Identifying attractors of the gravitational watersheds of the local Universe as known rich galaxy clusters may define an interesting follow-up study of this work. For example, the attractor of the SDSS-2c basin of attraction may point to the very rich A2142 Abell cluster described in Einasto et al. (2020). However, as mentioned above, the current resolution of the reconstruction may be too low to obtain accurate attractor positions, which are comparable to redshift positions of rich clusters.

At this point in time, the main contingency regarding the identification of large-scale structures comes from the inclusion of the SDSS data into the CosmicFlows catalog, which is a composite of several sources of observations. There is great hope that upcoming large, independent surveys in the next few years, such as WALLABY (Widefield ASKAP L-band Legacy All-sky Blind surveY; Koribalski et al. 2020), which will bring 90 000 galaxies up to z = 0.1; DESI (Dark Energy Spectroscopic Instrument; DESI Collaboration 2016); and the 4HS (4MOST Hemisphere Survey; de Jong et al. 2019), each of which will deliver 500 000 galaxies up to z = 0.15, will further enrich the cosmography of our Universe.

The main part of our article discusses only two figures. However, a more detailed description is given in Appendix A, along with additional figures, a table summarizing all detected basins of attraction and repulsion, and links to interactive three-dimensional visualizations.

Acknowledgments

H.C. is grateful to the Institut Universitaire de France for its huge support which enabled this research. H.C. also acknowledge support from the CNES. A.D. is supported by a KIAS Individual Grant (PG087201) at Korea Institute for Advanced Study. A. Dupuy is the author to whom correspondence and material requests should be addressed. The authors declare no competing interests. The datasets generated during and/or analyzed during the current study are available online on the CosmicFlows project page (https://projets.ip2i.in2p3.fr/cosmicflows/). Grids are of the same size as the velocity field discussed in this manuscript (1000 Mpc h−1 and 1283) and are filled with integers from 0 to n where n is the number of basins detected. Each integer labels a single basin (in the same order as listed in Table A.1, ignoring blank lines), and the value of all voxels part of a given basin is set to that same integer. Voxels set to 0 are not part of any basin. For example, in the case of basins of attraction in the CF4 galaxy velocity field: voxels filled with 1 are part of Laniakea, 2 of Apus, 3 of Hercules, etc.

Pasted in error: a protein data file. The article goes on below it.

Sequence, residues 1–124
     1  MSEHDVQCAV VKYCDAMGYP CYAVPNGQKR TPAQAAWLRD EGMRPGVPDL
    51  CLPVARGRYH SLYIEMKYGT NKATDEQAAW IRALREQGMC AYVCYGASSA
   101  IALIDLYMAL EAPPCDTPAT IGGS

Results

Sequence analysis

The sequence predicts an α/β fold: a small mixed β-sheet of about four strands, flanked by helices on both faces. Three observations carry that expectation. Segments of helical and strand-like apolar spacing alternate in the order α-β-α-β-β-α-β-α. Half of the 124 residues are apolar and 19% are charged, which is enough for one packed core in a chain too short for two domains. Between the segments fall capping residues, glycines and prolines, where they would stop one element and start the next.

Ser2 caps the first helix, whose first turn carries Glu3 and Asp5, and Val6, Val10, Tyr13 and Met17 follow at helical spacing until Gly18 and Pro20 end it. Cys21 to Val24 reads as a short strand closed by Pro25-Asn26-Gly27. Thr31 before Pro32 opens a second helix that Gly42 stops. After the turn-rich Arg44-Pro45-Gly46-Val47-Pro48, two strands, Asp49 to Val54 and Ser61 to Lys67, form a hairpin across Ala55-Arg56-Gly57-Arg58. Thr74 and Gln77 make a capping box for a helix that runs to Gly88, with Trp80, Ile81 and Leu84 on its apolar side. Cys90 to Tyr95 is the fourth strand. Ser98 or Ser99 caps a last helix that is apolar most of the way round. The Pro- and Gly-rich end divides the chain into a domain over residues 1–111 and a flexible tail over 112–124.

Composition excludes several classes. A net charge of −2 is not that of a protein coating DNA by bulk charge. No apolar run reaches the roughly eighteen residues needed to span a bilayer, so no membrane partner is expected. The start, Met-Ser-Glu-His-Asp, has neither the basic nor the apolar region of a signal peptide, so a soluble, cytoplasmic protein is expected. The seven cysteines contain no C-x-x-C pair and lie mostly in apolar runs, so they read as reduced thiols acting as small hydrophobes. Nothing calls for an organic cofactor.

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Appendix A: Attractors and repellers

The methodology described above was applied to both reconstructions obtained from CF4 individual galaxies and CF4 groups. Structures identified as basins of attraction and repulsion in each reconstruction are listed in the first column of Table A.1 along with their volume in units of 106 (Mpc h−1)3 in columns 5 and 9 as well as the supergalactic cartesian coordinates of the respective attractors and repellers in Mpc h−1 in columns 2 to 4 and 6 to 8. The respective attractors are plotted as black spheres in Figure A.1 with their associated basin of attraction annotated with the name of the corresponding structure. The reconstruction from CF4 galaxies is shown in the top panel, and the reconstruction from CF4 groups is shown in the bottom panel. The orientations of the two visualizations are given by the red, green, and blue arrows that have a length of 50 Mpc h−1 and are respectively directed along the supergalactic cartesian SGX, SGY, and SGZ axes and located at the center of the reconstructed cube. We restate that the four levels of isosurfaces ranging from white to dark red display the reconstructed overdensity field, while streamlines represent the related peculiar velocity field. Additionally, for clarity, streamlines were computed by considering only voxels that are part of all basins of attraction as seed points, allowing us to focus on basins identified in the velocity field and to remove extra noise caused by streamlines going out of the computational box (hence not part of any basin). For each basin of attraction, the streamlines converge nicely toward their respective core attractor. Figure A.2 shows an SGX-SGY slice centered on SGZ = 0 Mpc h−1 of the overdensity field associated with the velocity field reconstructed from CF4 distances of galaxies (left panel) and groups (right panel). The overlapping contours represent the gravitational basins obtained from the tessellation of the velocity field into basins of attraction (filled contours without borders) and basins of repulsion (empty contours with borders). The names of each associated structure are also shown.

thumbnail Fig. A.1.